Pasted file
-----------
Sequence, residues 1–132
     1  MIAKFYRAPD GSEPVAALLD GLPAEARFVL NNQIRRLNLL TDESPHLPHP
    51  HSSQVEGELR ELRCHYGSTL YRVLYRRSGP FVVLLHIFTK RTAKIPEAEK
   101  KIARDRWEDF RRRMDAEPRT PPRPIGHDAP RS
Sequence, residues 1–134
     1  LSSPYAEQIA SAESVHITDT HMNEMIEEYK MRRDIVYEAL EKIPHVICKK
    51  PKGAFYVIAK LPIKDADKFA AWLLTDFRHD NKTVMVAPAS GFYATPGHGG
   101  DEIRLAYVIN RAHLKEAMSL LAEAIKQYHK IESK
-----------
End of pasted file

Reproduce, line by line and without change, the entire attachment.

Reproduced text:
Sequence, residues 1–132
     1  MIAKFYRAPD GSEPVAALLD GLPAEARFVL NNQIRRLNLL TDESPHLPHP
    51  HSSQVEGELR ELRCHYGSTL YRVLYRRSGP FVVLLHIFTK RTAKIPEAEK
   101  KIARDRWEDF RRRMDAEPRT PPRPIGHDAP RS
Sequence, residues 1–134
     1  LSSPYAEQIA SAESVHITDT HMNEMIEEYK MRRDIVYEAL EKIPHVICKK
    51  PKGAFYVIAK LPIKDADKFA AWLLTDFRHD NKTVMVAPAS GFYATPGHGG
   101  DEIRLAYVIN RAHLKEAMSL LAEAIKQYHK IESK